On Tuesday, Prosser again confirmed she was not contacted by Hurley Cavacas.
“I am the point person at SoS for all municipal inquiries, so I do expect any call or email from him would have been forwarded to me, especially as I’d checked in with our elections and administration staff regarding Alison Notte’s inquiry back in November,” she wrote in an email.
Still, Cavacas maintains that he did contact both the attorney general and secretary of state’s offices, stating, “If they want to say nobody called whatever, but what I’m trying to tell you is, having dealt with the State of Vermont on multiple issues for clients, they don’t even record half the stuff. They don’t even write half the stuff down. We know that for a fact.”
He later blamed the lack of a record of his calls on the fact that state employees were working from home because of the coronavirus pandemic.
Most recently at the board’s April 13 meeting, Cavacas suggested the Feb. 9 board vote to accept the “Ravens” as the new mascot and team name should be invalidated, arguing the vote did not follow Robert’s Rules of Order because the new mascot proposal was not an “action item” on the agenda.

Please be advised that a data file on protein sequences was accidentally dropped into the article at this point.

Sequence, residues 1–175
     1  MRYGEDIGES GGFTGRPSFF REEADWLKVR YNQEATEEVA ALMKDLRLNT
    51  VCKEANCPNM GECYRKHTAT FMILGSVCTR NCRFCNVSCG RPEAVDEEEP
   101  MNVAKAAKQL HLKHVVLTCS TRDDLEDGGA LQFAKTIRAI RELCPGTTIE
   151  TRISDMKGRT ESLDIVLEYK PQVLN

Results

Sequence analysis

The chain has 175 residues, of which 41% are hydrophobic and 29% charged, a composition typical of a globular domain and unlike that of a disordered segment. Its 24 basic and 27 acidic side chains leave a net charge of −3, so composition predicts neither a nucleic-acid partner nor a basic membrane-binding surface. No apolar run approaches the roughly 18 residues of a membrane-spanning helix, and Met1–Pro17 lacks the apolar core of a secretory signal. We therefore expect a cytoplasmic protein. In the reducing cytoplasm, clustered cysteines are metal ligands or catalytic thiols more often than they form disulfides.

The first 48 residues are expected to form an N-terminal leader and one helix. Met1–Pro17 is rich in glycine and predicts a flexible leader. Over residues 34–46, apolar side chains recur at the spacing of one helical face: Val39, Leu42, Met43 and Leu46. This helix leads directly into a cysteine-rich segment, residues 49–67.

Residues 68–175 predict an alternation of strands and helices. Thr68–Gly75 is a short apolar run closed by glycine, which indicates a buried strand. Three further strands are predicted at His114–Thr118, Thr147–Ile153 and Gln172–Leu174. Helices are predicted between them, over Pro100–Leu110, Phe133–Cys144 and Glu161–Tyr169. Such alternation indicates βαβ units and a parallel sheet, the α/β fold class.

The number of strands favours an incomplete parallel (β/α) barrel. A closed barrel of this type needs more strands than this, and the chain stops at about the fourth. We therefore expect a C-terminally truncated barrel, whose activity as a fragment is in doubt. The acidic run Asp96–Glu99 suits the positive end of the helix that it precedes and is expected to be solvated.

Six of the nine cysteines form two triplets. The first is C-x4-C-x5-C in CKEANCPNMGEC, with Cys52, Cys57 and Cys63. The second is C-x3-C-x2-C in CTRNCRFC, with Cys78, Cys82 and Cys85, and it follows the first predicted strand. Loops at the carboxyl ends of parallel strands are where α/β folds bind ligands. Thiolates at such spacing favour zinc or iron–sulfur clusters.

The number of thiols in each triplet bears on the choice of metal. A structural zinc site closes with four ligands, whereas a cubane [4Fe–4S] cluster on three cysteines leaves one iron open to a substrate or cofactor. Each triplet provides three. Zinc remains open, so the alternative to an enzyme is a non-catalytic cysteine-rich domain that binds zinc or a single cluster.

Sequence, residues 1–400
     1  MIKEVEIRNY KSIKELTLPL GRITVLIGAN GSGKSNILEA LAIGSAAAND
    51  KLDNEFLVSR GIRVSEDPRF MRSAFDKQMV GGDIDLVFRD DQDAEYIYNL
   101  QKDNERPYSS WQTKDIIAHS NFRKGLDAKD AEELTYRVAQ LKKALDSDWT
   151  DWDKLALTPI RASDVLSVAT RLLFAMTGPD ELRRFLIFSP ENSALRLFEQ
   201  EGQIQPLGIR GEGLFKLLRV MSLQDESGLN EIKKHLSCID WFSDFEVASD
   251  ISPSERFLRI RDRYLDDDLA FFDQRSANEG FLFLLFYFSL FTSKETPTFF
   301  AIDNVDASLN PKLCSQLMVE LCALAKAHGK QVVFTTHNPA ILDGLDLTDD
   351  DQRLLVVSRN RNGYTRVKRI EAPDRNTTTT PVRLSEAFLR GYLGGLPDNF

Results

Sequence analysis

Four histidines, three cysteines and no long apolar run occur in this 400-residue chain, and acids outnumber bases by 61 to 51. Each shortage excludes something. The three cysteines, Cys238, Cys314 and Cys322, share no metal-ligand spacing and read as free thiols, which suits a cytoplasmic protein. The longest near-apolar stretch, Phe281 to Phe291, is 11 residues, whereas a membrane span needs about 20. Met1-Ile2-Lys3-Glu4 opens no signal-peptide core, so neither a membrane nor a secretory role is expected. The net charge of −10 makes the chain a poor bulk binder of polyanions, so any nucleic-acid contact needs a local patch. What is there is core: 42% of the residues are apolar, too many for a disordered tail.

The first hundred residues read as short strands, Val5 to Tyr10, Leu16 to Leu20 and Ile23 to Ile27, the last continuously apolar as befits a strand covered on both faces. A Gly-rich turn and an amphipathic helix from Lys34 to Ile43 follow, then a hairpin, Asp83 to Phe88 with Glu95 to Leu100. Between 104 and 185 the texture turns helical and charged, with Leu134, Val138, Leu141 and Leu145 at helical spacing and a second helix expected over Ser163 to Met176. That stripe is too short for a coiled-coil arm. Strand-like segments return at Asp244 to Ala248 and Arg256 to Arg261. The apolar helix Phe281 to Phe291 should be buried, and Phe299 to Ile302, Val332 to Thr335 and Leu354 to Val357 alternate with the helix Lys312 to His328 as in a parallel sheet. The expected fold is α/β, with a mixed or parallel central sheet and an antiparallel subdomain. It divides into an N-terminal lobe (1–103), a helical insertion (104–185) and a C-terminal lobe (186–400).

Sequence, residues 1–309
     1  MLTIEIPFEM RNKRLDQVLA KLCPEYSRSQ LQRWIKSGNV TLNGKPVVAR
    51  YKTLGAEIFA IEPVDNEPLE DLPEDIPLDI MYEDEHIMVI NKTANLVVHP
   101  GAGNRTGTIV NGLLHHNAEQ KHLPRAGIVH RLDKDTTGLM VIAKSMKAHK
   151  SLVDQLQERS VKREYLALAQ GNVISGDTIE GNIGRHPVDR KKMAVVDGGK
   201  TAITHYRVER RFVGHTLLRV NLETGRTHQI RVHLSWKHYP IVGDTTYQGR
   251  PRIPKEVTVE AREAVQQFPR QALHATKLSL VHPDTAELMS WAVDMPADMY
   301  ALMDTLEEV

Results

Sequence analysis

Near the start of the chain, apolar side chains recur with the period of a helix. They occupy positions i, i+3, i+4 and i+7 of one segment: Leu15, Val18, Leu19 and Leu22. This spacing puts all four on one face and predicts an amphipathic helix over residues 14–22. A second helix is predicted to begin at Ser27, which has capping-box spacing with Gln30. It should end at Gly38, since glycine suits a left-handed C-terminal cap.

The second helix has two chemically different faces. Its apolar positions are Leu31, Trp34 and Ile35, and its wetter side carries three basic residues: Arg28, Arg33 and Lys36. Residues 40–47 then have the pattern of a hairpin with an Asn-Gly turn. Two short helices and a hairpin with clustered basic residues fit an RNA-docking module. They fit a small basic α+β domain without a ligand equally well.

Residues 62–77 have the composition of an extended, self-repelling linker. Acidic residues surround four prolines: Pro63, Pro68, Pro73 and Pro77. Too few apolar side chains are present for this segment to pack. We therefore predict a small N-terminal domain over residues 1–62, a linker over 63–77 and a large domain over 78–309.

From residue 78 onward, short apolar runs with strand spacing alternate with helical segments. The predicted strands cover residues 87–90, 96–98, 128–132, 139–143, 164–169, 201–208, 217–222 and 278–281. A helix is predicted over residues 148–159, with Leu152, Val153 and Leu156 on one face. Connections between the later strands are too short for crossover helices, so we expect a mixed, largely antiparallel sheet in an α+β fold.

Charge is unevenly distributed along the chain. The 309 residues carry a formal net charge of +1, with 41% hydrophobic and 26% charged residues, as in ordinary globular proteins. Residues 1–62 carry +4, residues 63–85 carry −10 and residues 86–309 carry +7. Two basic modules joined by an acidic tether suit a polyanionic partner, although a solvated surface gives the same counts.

According to the agenda for the Feb. 9 meeting, “RHS Mascot Proposal” was listed under Old and New Business.
The debate over the validity of the vote came after Commissioner Stephanie Stoodley made a motion to reinstate Raider name and arrowhead logo.
“We did not go through the process correctly, and that has been verified,” Cavacas said in reference to the Feb. 9 vote, adding that he would contact the board’s attorney the following morning.
When asked Tuesday to explain what he meant by “verified,” Cavacas did not provide an answer. Instead, he said the board would undergo a training on Robert’s Rules of Order led by the Vermont School Boards Association later this month.
Cavacas said a new ad hoc committee he will establish at next week’s board meeting will investigate the entire mascot process, including the legality of the Feb. 9 vote.